You make several good points. For me the moment, an effect becomes “cool” or noticeably out of character with the characters in the movie… then it becomes like a filmmaking brag and it takes the viewer out of the story…

      The best way effects were used in character in my mind was the first matrix; all the effects were about the world and the characters… so the first time I watched it I actually didn’t think wow that was a cool effect (although it was) I thought “I wish I could do that!”

      Now Matrix 2 and 3 were a whole other story…

  4. I agree. Number 3 is probably the issue that bugs me the most. Actors with less talent and screen presence are getting more/better roles just because they can bring in the money. I think this is changing a little bit with actresses like Jessica Chastain, who seems to be making a new film every day and is extremely talented but is not in the tabloids and not yet a household name, but it’s never going to be a problem that completely disappears.

  5. I agree there is a dearth of originality in films today, and a glut of vampires, comic book heroes and other stuff that’s been done. #3 may be true for the creative mind, but the general public doesn’t care who plays the part. As one friend told me, “I just want pretty people on the screen that I have seen before, because I want to keep looking at them.”

  6. Agreed. I work in the film industry in both the states and these points are evident in both cases. In particular having to compromise your vision for what someone else believes ” will sell” is why I decided to start creating content for YouTube instead. Now Im a partner with them and I am building an audience producing my shows (and soon to be films) exactly the way I want them to be done.

    Love it.

  7. Numbers 1 and 5 are the biggest causes of the problem in my eyes. If we can get rid of those then the world will be a much better place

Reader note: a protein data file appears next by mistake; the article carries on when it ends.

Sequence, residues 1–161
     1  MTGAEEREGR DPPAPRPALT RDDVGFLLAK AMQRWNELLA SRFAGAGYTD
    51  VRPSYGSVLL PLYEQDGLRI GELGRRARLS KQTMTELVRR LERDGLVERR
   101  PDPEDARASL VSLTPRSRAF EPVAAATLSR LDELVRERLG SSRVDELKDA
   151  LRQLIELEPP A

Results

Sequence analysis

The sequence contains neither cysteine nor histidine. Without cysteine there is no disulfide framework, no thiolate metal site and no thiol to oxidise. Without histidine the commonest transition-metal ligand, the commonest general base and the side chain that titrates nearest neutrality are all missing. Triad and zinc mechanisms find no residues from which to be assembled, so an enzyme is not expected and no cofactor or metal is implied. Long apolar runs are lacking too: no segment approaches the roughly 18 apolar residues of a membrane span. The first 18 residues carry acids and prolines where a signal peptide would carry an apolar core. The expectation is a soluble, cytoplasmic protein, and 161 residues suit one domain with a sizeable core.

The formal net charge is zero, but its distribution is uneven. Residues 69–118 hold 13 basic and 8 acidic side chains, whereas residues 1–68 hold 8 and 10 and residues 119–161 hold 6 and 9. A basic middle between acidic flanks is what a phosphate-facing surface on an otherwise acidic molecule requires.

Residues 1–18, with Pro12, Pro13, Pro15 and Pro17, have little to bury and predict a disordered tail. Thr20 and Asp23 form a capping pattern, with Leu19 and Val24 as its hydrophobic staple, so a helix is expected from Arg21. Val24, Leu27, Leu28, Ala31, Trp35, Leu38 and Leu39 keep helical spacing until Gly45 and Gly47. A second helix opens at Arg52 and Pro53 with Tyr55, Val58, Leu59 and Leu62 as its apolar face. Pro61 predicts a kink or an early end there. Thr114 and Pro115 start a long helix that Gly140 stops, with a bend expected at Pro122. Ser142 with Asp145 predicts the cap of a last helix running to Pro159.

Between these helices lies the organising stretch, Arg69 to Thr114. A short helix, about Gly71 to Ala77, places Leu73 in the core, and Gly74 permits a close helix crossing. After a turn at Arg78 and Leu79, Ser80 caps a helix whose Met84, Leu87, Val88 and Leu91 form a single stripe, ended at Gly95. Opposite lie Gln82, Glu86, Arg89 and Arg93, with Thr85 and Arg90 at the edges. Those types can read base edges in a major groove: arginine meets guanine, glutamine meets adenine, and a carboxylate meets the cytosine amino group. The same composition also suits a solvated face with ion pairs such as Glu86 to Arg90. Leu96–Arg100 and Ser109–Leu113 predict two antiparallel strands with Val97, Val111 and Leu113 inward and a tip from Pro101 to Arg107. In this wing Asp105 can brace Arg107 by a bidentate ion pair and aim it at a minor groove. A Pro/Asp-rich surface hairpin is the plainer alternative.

8. In my humble opinion, most of the flaws that we can point out in today’s film industry can be traced back to the fact that (just like in the music industry) big studios dictate what gets done and what gets binned. While it is imperative that we understand cinema as both art and entertainment, it’s unhealthy to bias one in favour of another. I think there is a place for VFX-heavy action movies like The Avengers and the like on big screens, but the process – as you pointed out precisely – lacks severely on all fronts.
    I hope it is merely a matter of time before we see a revolution in cinema, because the model we see now is doomed. It saddens me, however, that it all happens at our – the viewers – expense. I’d rather see the money that was pumped into the latest instalment of the Die Hard franchise (the fact Die Hard became a franchise illustrates the sad state of the industry, because originality bears risks and big studios like revenue, not risks) go into propelling young ambitious aspiring film-makers before they get brainwashed into thinking that they need to conform to the existing model in order to ‘make it’.

  9. #5 isn’t a fair statement… the movie-going public shares the blame on that one! I’ve worked on a number of large Hollywood films and I learned very quickly that the statement “this movie is going to be/do great because it’s so different/creative” is a huge falsehood. The movie industry is a business. Why should anyone in it go against what works and lose money just to do something new and unfamiliar, when people will only show up 1% of the time to even try to appreciate it?